7 p.m. MST
Oregon has learned how weighty expectations can be in college basketball.
A team picked to finish in the group just behind the Pac-12 favorite Arizona Wildcats entered conference play sitting pretty. A top-10 squad that was 13-0 and with decent wins against Illinois and BYU thought highly of itself, but head coach Dana Altman knew the Ducks had their faults, especially on the defensive here.
And here they stand on Thursday with a 3-6 Pac-12 record, ready or not to face a finally-broken and certainly-battered Arizona team at McKale Center.
"We lost a few games and we got rattled," Altman said during this week's Pac-12 teleconference call. "I don't think there's any other way to put it. Our guys lost their heads a little bit."
The Ducks rank sixth in the nation by putting up 84.7 points per game, and Arizona coach Sean Miller called the matchup "the ultimate test" for a proud defense that will look quite different with Brandon Ashley out and Rondae Hollis-Jefferson in. Going further than that, it'll be an issue of whether the defense can survive with the likelihood of a three-guard bench unit forced into action, and without anyone other than Kaleb Tarczewski being able act as an imposing shot-blocking threat.
Expect the Wildcats to hang in there mentally. They responded decently at Cal. But there will surely be growing pains in moving on from Ashley's injured foot.
Will Tarczewski get more touches?
Tarczewski became the main target of the Arizona offense that struggled in a loss to California last week. The Wildcats haven't gotten Zeus very many post touches in recent weeks.
He only had four shot attempts in each of three rigid-feeling wins for Arizona leading into the first loss of the year.
"That's been a point with us, even if Brandon were still with us," Miller said of his center. "I feel like sometimes we haven't been as good of a job in getting him the ball. He's the one guy on the team that needs someone to be given him the ball. I think it's in our best interest offensively to get him the ball."
Point guard T.J. McConnell is part of it. When he's been hounded defensively, he's tried to get to the ball out of his hands rather than feed the post -- McConnell went assist-less against Cal. Instead, the ball has found its way into Aaron Gordon's hands. He's gone 9-of-37 (that's 24 percent shooting!!!) in the last three games. Coincidence Tarczewski's production has dropped?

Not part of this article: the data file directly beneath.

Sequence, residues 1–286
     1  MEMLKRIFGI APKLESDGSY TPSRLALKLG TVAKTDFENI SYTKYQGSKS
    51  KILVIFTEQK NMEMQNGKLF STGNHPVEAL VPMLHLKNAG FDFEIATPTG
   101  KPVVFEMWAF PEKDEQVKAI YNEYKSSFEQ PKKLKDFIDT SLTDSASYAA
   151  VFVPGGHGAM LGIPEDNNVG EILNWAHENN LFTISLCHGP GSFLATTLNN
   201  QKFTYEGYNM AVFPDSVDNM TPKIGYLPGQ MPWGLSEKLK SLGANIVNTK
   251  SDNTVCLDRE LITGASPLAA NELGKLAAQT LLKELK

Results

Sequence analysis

Gordon will get his touches and points on offensive boards. He and Hollis-Jefferson will need to find a rhythm and look for their teammates, and that's especially including Tarczewski.
Breaking down Oregon's O
The Ducks are led by Houston transfer Joseph Young, who considered joining Arizona before picking Altman's squad as a landing spot. The 6'2 junior will be a test for Nick Johnson as an 18-point per game scorer who shoots 39 percent from three and takes more than five long-ball attempts per game.
"One thing that stands out is the tremendous firepower they have offensively, having four three-point shooters on the court and two or three who are prolific," Miller said.
Power forward Mike Moser, who has often started at center, is a 36 percent three-point shooter and another impact transfer averages 13 points and 7.3 rebounds per game. Guard Jason Calliste shoots 51.3 percent from deep, Damyean Dotson will provide a slashing presence in an intriguing matchup for Arizona's two starting freshman forwards, and Dominic Artis and Johnathan Lloyd will provide a change-up look from the lead guard spots.
The bad news for Altman is that the Ducks are shooting 41.9 percent in Pac-12 play, second-to-worst in conference.
But they'll take a lot of threes, and the makes will keep them afloat.
The Oregon defense is also giving up a league-worst 47.3 percent shooting to opponents, and the odds aren't with Oregon to improve in that area unless it can somehow keep the Wildcats out of the paint.
They'll likely use a press to disrupt Arizona's offense, but so long as the Wildcats are careful with the ball, they should have opportunities to get back on the winning track at home. What's most interesting following the Ashley injury is whether or not the Wildcats force confidence upon Gabe York and even Jordin Mayes.
If York can find a groove with heavier minutes, Arizona might actually end up developing into a better shooting team, even if Hollis-Jefferson is a down-grade at present.
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